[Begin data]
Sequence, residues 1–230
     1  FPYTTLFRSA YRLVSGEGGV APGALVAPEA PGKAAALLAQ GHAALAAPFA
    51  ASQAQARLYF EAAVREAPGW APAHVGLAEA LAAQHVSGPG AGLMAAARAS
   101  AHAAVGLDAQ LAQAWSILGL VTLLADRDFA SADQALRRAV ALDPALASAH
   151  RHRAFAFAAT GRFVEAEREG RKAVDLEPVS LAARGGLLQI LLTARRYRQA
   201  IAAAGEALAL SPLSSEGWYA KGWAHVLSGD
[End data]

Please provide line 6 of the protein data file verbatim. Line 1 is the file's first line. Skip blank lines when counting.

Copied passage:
   201  IAAAGEALAL SPLSSEGWYA KGWAHVLSGD